It is a month which at times can show signs of spring and entice one to partake in some gardening. Indeed, if the weather is genial then February is the ideal month to prune those plants which belong to the RHS category of Group Six pruning.
Essentially, these are the plants which flower late summer to autumn and on the current new seasons stems and growth.
Examples of plants which adhere to Group Six pruning are:
As these shrubs flower on the same years growth a hard prune is required during the month of February and as in the case of the hardy Fuschias almost down to ground level, this can be extremely therapeutic too for the person who is doing the pruning. Perovskia ‘Blue Spire’ which exhibits a wonderful display of blue-lilac flowers, also known as Russian Sage, will benefit immensely from a hard prune back to its basal shoots. Perovskia thrives in many coastal areas and in many soil types and with aromatic leaves akin to sage and an appearance similar to lavender it makes an excellent low lying hedgerow.
Buddleja Davidii also known as the ‘Butterfly Bush’ can be cut down, using large pruners, to approximately half a metre from the ground, this will encourage upright shoots with a slight arching habit and will be greatly appreciated by the butterflies.
As a rule of thumb for shrubs which adhere to Group Six pruning, cut back the previous years flowering stems to one or two buds from the older framework.
Certain types of Clematis will also be required to have a hard prune in February, this is particularly the case for Herbaceous Clematis, Gypsy Queen and Clematis Viticella. They all flower on the current seasons growth in late summer and if they are not pruned annually the stems will be devoid of flowers and only up high will the flowers grow and most often amongst a tangled mass of growth. It must be noted that Clematis has its own pruning group classification, those which flower in late summer fall into Clematis Group 3, whereas, those which flower in early summer and on older wood or the previous years growth fall into Clematis Group 2. If unsure when to prune, then observe the time of year the Clematis will come into flower.
For the kitchen gardeners, autumn raspberries will fall into Pruning Group Six.
All old canes should be cut back down to ground level in February and the new canes will start to grow in spring and then fruit in late summer. It is important not to mistake summer raspberries for the autumn variety, as they fruit on the previous years canes, which would result in a loss of crop.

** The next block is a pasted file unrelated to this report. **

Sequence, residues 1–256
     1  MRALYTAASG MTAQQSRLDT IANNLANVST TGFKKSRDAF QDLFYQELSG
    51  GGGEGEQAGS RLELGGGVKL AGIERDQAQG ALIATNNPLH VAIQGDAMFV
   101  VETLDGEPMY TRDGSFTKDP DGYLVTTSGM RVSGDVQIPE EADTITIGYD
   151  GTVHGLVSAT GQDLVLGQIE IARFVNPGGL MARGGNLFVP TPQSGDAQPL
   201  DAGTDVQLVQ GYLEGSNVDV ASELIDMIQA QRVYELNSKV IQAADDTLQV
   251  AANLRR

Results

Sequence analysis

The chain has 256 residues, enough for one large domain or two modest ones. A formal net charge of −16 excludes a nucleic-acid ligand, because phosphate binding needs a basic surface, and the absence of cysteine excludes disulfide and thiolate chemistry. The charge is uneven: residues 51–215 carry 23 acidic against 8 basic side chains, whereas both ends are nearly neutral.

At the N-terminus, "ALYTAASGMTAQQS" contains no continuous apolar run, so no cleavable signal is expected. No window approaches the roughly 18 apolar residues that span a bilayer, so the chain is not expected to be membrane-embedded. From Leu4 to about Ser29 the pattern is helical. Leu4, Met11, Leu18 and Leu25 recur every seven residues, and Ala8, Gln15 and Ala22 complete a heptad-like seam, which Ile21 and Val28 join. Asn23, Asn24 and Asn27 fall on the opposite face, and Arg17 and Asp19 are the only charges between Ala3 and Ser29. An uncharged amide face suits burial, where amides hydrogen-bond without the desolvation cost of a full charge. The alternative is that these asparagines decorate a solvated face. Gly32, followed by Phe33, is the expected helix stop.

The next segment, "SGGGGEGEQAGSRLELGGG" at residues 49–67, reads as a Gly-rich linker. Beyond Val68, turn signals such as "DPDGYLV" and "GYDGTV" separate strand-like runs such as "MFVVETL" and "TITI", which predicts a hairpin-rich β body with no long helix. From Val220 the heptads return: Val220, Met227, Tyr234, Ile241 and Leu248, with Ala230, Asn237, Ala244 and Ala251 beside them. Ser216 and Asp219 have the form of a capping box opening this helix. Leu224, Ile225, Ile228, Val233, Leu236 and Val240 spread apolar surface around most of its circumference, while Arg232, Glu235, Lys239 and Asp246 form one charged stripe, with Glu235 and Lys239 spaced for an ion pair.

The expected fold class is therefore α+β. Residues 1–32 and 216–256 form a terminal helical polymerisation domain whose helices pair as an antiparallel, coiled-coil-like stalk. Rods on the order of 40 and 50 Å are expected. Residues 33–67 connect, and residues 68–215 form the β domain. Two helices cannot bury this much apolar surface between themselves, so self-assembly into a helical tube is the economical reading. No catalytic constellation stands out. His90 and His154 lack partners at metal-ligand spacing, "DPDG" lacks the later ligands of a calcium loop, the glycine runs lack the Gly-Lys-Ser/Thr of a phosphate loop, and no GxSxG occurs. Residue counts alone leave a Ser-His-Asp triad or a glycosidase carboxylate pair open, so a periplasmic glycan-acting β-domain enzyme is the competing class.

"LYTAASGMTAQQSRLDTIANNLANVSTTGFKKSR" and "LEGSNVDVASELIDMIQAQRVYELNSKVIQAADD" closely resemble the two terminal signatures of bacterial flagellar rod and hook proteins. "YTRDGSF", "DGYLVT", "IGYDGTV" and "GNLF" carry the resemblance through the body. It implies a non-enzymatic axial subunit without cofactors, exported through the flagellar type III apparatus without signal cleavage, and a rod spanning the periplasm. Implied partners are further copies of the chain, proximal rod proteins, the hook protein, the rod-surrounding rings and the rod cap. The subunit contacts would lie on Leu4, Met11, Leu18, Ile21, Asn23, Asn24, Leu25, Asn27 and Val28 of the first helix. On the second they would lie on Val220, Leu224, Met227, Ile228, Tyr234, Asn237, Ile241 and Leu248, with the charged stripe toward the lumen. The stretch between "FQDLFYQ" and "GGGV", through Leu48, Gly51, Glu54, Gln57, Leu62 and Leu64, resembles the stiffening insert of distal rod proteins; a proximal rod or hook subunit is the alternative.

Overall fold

Contribution By Oliver David Cook
"After his long journey across Europe and Asia Minor, Voltaire has his hero Candide settle down on the outskirts of the Muslim city of Constantinople to “tend his own garden”, in other words “to mind his own business.” After witnessing horrifying episodes of religious intolerance and political oppression Candide decides that the best thing to do in the world is settle down, live peacefully with his neighbours, and produce something of value to others which he can sell in the markets." Candide (1759)
The sun still remains low in the sky and the length of daylight hours are short, but the month of January provides an opportunity to pay attention to the deciduous plants of the garden, that is those which annually lose and renew their leaves. It is this time of the year that the deciduous plants are dormant, meaning the preferred time for pruning and transplanting.
Young, newly planted trees can grow branches out into other nearby plants and now is the time to prune the misplaced stems, always cutting back to the main stem or at a junction of another branch. Lower side growths can also be pruned to form a length of bare trunk, this is known as a standard tree.
Any dead or diseased branches can be removed and a general prune is advisable to tidy trees and shrubs to one’s liking. If any shrubs which have become loosened by wind they should be firmed up and staked if necessary.
Providing conditions permit, January is a good time to plant deciduous bare-root trees and shrubs, particularly the common hedging varieties such as, Hornbeam (Carpinus betulus), Hawthorn (Crataegus monogyna) and Beech (Fagus sylvatica).
If the weather conditions are not congenial and the soil is waterlogged, the bare-root plants can be healed in a corner of the garden until the soil is suitable.
When purchasing bare-root plants always look for evenly distributed spreading roots and not ones which are tightly coiled.
The spacing of between each hedging plant can vary, but below is a guideline:
This is assuming a single row of planting, if a denser wider hedge is desired then double planting is required, this is two rows of staggered plants and the spacing of the plants should be slightly increased. In exposed sites, a temporary wind break may be necessary and it must be positioned on the windward side of the hedge. It should remain erected until the hedge becomes established and can support itself.
Other deciduous plants which can be attended to are climbers, now that they are without leaves it is easier to see where the stems are and where to cut. The vigorous climbers, such as Hydrangea Petiolaris, can cause structural damage on buildings so now is a good time to prune. Wisteria can have what is known as its second prune, during the summer, the new long shoots would of been cut back to five or six buds from the main stem, now in January, these same shoots should be shortened even more to two or three buds from the main stem. This should encourage a fabulous display of flowers by early next year.
Written by Oliver David Cook on behalf of Green Landscapes Cornwall
Hello everyone, Green Landscapes Cornwall are sharing with you some ideas about how to implement different features for your garden!